The four brand contestants were the finalists culled from all the entries to the Battle of the Brands competition, sponsored by ANA and AICP. Each of the finalists was invited to field a team to present its campaign and demonstrate how brand and entertainment are integrated within it. A panel of judges commented on the presentations and the winner was the team that accumulated the most points.
Sounding a bit like a voice mail you might find on Paris Hilton's hacked Sidekick, the new Brawny man, cooing longingly into the camera, is featured in a new series of online viral videos on the Georgia-Pacific paper towel maker's Innocent Escapes.
Clad in his signature lumberjack plaid shirt, the hunky Brawny man has invented a new form of sociopathic humor with his gooey cam love which, we suppose, in some way, is enticing to the female gender. We don't see it.
Apart from the oddity most viral campaigns must clothe themselves in to cut through the millions of other online distractions, it's encouraging to see consumer packaged goods companies endorse the medium. The New York Times explores the trend highlighting other online involvement campaigns from Frito-Lay, which promoted Doritos with a text messaging campaign.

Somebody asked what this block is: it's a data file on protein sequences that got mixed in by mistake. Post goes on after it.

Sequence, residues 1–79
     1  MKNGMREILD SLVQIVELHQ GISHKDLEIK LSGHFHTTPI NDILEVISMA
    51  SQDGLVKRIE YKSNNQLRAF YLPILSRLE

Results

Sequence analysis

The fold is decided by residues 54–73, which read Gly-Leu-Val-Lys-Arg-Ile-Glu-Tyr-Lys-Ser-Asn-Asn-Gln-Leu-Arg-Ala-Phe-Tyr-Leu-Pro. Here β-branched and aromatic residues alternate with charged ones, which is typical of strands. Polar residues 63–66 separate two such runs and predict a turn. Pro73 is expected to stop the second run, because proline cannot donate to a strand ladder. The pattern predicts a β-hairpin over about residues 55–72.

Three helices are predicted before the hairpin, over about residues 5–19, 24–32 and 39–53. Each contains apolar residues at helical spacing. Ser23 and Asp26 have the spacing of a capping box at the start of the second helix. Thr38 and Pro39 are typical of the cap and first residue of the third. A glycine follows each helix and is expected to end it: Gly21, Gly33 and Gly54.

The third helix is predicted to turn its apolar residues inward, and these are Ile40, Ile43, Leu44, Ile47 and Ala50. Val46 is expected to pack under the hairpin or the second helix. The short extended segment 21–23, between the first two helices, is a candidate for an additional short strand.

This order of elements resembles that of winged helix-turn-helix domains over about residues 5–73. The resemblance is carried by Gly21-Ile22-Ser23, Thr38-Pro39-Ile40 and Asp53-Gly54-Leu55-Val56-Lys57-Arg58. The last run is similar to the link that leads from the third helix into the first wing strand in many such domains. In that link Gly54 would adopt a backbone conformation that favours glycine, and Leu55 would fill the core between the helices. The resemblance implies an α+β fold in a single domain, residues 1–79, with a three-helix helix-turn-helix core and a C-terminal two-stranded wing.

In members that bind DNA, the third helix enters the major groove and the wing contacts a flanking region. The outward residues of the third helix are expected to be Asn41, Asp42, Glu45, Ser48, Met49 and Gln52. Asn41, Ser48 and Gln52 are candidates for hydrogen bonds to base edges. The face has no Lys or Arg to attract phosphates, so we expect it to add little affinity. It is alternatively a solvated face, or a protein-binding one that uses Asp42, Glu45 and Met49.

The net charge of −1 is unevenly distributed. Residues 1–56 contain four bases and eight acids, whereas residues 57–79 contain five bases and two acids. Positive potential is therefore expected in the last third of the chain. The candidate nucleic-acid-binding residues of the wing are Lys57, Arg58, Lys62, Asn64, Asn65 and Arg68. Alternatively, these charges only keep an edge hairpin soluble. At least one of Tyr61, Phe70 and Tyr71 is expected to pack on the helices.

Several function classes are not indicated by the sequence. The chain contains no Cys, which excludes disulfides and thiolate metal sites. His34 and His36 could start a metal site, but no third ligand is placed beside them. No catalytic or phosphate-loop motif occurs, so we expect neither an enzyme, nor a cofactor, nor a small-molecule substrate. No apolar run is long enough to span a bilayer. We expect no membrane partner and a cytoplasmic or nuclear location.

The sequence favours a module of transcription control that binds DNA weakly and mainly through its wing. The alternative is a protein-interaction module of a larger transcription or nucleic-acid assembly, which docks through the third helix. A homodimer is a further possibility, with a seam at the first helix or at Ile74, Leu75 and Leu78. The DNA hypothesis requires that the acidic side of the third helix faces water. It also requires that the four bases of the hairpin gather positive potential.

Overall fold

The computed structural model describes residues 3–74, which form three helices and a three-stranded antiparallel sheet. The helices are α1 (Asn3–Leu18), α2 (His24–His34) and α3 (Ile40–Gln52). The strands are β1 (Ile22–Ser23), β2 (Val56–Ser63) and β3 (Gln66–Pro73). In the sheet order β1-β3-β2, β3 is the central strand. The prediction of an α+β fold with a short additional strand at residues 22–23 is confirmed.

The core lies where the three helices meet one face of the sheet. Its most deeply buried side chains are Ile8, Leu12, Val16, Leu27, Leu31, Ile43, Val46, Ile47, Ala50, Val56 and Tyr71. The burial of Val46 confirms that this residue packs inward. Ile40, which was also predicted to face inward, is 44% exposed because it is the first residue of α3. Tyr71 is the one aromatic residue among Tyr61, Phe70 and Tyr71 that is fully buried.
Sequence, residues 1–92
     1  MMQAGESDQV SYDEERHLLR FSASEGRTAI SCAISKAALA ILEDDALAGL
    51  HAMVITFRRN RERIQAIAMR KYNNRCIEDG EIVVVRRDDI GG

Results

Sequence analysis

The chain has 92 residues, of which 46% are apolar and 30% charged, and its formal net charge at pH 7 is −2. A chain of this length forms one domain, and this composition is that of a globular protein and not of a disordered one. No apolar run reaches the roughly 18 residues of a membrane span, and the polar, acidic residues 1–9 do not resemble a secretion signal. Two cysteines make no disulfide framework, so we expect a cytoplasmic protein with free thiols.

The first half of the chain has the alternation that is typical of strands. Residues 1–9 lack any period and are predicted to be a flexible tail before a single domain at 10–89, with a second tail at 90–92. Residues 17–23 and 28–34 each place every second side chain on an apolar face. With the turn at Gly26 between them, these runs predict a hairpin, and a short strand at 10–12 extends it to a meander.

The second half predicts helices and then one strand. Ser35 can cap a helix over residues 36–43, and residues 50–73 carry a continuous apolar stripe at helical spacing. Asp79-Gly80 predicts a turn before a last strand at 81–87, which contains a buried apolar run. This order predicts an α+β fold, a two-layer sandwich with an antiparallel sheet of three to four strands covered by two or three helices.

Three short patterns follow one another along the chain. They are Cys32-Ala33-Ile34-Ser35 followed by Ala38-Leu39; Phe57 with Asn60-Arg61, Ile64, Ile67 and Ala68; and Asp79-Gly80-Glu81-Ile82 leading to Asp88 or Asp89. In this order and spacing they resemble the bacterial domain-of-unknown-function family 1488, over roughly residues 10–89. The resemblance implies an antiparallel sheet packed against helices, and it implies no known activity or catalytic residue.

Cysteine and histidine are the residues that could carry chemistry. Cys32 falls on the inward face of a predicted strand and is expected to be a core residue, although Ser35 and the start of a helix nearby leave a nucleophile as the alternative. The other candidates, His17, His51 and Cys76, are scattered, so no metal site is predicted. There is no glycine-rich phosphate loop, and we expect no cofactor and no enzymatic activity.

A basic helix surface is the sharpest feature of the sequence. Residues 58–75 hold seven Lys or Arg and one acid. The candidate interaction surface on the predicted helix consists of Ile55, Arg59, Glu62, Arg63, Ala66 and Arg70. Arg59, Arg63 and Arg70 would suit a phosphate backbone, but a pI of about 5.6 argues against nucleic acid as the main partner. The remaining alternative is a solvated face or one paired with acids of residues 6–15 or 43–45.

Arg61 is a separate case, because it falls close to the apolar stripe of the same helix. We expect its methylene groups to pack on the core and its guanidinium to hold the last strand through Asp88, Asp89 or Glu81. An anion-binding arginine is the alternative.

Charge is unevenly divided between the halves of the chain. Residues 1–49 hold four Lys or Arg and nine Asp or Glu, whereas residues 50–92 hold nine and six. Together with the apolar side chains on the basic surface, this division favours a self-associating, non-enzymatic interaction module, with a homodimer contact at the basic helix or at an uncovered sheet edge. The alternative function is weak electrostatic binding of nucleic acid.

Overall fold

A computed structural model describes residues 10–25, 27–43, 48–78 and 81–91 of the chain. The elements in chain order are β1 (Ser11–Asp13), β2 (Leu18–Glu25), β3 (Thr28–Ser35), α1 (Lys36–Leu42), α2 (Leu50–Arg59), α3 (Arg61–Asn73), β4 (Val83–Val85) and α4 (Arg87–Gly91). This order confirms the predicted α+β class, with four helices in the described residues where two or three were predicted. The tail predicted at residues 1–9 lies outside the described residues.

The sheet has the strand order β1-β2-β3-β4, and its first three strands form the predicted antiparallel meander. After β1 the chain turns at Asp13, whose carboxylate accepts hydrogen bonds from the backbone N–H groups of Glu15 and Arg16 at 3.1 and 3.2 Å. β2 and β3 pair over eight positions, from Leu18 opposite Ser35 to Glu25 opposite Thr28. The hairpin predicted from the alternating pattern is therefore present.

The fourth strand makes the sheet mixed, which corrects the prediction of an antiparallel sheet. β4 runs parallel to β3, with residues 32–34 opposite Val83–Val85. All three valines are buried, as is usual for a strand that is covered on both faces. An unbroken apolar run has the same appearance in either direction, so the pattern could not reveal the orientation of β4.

With what some might call questionable moral alignment, the state of Maine is planning to market prison-made children's clothing under the tentative name, Harbor Blues.
Modeled after the Oregon-based prison-made jeans company Prison Blues, inmates at the Downeast Correctional Facility have been busy making 4,000 jackets with plans to make 2,000 more. Moral issues aside, the program puts inmates to work for pay, gives them something to pass the time and provides valuable, real-world skills which can be used upon release. Doubtless, they will sell out immediately.
For its client, Mini, Crispin Porter + Bogusky, it seems, has created a site for a ficticious group called Counter Counterfeit Commission, an organization whose apparent mission is to rid the world of counterfeit products. The site has a photo collection of tricked out vehicles purported to be fake Minis. It also has video footage of a police dogs sniffing out fake Minis trying to make their way into the country, a $19.99 consumer alert DVD detailing the apparent underworld of counterfeit Minis and even a phone number answered with a message machine by a guy code named "Bosco" claiming to be doing undercover work in Brazil and Copacabana.